How to Get Your Sex Drive Back While on Birth Control

If you are on hormonal birth control, such as the pill, ring, patch, or implant, it’s possible that your libido has decreased. This is because hormonal methods lower your body’s testosterone levels, which are linked to sex drive.

However, there are ways to get your sex drive back while on birth control!

1. Change Your Lifestyle

Hormonal contraceptives, like the pill or ring, patch, or shot, tinker with your hormone levels and can have some unexpected effects. One of those is a possible decrease in libido.

However, not everyone experiences this and many people find their libido stays the same or even increases while on hormonal methods.

Other things can affect your libido, like stress or relationship issues. It could also be that you are simply not in the mood. That is totally okay. But you can get your mojo back with a few lifestyle changes.

2. Change Your Diet

A diet full of sugary foods can zap your libido, so try to cut out the processed goodies. Instead, opt for nutrient-rich foods that will give you energy and help you feel good.

Low libido can be caused by lots of different things. If you recently started taking hormonal birth control and your libido has changed, it might be worth switching to another method. It’s also possible that other factors are affecting your mood, like stress or relationship issues. A therapist could be helpful in figuring out the underlying causes.

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3. Change Your Sleep Patterns

Researchers haven’t yet figured out why some women experience a libido decrease while on hormonal birth control, but there are plenty of other factors that can impact your sex drive. And that’s ok!

The key is that everyone’s hormone levels — including the ones from birth control pills containing estrogen and progestin — rise and fall during their menstrual cycles. This can make some feel more horny at certain times of the month, especially when their estrogen is on an upswing before or during ovulation. Try to find a good balance for you.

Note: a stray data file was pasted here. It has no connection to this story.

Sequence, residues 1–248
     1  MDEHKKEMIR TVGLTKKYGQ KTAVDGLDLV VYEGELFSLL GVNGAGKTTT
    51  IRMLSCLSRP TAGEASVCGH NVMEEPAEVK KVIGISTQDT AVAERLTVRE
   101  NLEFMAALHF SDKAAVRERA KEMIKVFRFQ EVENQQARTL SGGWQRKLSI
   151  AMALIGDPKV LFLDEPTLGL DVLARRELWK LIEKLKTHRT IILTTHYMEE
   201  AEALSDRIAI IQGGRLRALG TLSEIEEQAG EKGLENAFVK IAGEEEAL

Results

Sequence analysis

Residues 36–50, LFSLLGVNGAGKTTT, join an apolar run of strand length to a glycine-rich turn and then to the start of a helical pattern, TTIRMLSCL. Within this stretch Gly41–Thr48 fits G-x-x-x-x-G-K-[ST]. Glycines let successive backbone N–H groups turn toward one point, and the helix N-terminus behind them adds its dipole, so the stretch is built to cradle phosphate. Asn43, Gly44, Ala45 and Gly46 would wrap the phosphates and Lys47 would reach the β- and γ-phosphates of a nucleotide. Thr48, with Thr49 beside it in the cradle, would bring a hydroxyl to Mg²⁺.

4. Change Your Exercise Routine

A dip in libido, sometimes called a low sex drive, can be caused by many things. These can include hormones, medication, stress, or even relationship issues.

The pill, patch, ring, or shot can all have an impact on your libido. But so can a change in diet, exercise, and your sleep patterns.

The good news is that, over time, generations of women have road tested hormonal birth control methods and found that they’re not libido killers. But it’s important to talk to your doctor if you notice a big drop in desire while on birth control.

5. Change Your Sleep Habits

Research on birth control and libido is limited, and it’s hard to know exactly why hormones change some people’s desire for sex. Generally, though, hormonal birth control methods like the pill can have an impact on sex drive because they affect estrogen and progesterone levels.

But a low libido could be the result of many things, from underlying health issues to stress and anxiety. If you notice a significant drop in your sexual desire, talk to your doctor about changing your birth control method. They can help you find a method that balances pregnancy prevention with any potential side effects.